Last week, we presented readers with the latest note from SocGen strategist. Albert Edwards, who explained why after so many years of false rate hike starts, the market not only responded to last week’s hike in a dovish manner – interpreting last Wednesday’s 0.25% hike as a 0.25% rate cut- but as Goldman Sachs showed previously, the dovish reaction was one of the strongest ones since the financial crisis, in other words: “the market no longer believes the Fed.” This is what Edwards said, citing his FX colleague Kit Juckes:
[T]he Fed’s reluctance to send an aggressive tightening signal, instead preferring to again shuffle upwards its dots just slightly, has disappointed markets. But to be fair, the problem isn’t really with the famous dots. It’s with the market, which just doesn’t believe the Fed will tighten as fast as they say they plan to (see left-hand chart below). If the market took the FOMC at their word and discounted a 3% Fed Funds rate at the end of 2019 and beyond, then we’d probably have a 3% nominal 10-year Treasury yield by now.”
That said, a 3% Fed Funds rate would also lead to steep selloff in risk assets as the dividend yield on the S&P, currently at about 2%, would be about 1% below the risk free rate, leading to a wholesale “great rotation” out of stocks.
And while the market may not believe the Fed is ready – and willing – to push rates that high, the relationship also cuts both ways.
As RBC also noted last week, explaining that while the Yellen put is alive and well, the market will simply not tighten financial conditions on its own, forcing Yellen to aggressively hike further… which the Fed may be reluctant to do.
That is the argument in a note released late last week by Morgan Stanley’s credit strategists, who note that while the party is still going strong, some 93 months into the current cycle, it may not continue should the Fed engage in an aggressive rate hike scenario. This is what they say:
At 93 months, the current cycle is already longer than all but two post-war recoveries (out of 12 total). We could certainly debate why this expansion is already longer than normal, but strong growth is clearly not the reason. In fact, quite the opposite – a lackluster economic backdrop for years, leading to massive central bank support,has likely kept the cycle going more than anything else. Last year is a good example. As we show below, early in the year, with oil collapsing and the economic data rolling over, recession risks were seemingly rising. As Exhibit 3 shows, central banks across the globe responded. Even the Fed provided stimulus (verbally) by allowing the market to go from pricing in almost three rate hikes at the end of 2015 to almost zero rate hikes in summer 2016. Markets recovered, and the economic data followed.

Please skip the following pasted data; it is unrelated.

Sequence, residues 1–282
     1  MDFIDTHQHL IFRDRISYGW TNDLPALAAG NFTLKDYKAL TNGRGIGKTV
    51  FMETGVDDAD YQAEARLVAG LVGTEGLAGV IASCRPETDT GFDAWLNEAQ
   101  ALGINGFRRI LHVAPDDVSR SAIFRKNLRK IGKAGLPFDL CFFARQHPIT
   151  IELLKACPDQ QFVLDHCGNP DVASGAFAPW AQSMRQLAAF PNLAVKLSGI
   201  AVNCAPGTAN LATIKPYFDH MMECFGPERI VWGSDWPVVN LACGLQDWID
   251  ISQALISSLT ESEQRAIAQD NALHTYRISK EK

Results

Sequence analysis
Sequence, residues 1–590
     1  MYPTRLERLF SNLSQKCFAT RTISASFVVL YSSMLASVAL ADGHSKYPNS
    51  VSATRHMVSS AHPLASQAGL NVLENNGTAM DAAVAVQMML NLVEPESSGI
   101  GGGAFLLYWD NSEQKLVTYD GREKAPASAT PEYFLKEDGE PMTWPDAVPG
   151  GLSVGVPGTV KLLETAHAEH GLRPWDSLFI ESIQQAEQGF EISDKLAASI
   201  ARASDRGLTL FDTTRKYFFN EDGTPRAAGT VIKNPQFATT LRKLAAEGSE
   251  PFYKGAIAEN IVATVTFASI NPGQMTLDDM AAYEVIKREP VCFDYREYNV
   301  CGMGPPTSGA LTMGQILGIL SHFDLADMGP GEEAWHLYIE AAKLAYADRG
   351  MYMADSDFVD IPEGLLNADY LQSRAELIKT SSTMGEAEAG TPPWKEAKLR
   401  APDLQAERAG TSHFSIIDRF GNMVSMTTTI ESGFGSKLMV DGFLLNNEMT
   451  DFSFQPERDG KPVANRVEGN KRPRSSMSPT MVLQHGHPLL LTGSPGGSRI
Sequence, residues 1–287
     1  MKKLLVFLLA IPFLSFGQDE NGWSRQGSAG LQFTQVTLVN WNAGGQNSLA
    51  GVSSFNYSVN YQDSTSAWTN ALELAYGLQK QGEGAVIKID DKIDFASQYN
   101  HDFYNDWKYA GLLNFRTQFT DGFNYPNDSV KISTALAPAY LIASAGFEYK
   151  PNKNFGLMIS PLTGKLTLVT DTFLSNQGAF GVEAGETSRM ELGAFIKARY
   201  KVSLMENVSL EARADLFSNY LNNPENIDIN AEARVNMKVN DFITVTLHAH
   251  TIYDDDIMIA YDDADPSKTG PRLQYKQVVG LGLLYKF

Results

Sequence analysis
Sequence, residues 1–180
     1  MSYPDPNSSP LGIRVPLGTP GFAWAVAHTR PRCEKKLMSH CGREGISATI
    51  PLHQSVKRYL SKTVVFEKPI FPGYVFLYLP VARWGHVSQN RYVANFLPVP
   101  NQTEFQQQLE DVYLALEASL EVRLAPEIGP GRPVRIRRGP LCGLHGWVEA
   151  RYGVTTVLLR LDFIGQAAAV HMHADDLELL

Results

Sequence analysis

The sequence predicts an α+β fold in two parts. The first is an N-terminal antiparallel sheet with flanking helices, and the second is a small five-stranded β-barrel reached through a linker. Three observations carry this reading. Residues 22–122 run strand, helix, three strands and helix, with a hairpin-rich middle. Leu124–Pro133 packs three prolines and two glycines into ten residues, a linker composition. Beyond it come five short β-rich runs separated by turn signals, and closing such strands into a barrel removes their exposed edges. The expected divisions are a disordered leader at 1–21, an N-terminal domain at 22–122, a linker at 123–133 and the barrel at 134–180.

What is Morgan Stanley’s conclusion? Simple: for the party to continue, not only must the Fed revert back to its quasi-dovish mode, but for that to happen the recent economic “rebound” has to end (the sooner the better), extinguishing any reflationary impulse, removing the impetus for Yellen to hike aggressively further, and allowing the Fed to remain on hold for an indefinite period of time. In short: “In our view, for the cycle to last another several years, we want to see more of the same – a continued environment of ‘ok’ growth and low inflation, which allows central banks to keep the party going.”
Hopefully Trump, whose policies threaten to upstage this delicate balance benefitting the 1%, has read the memo.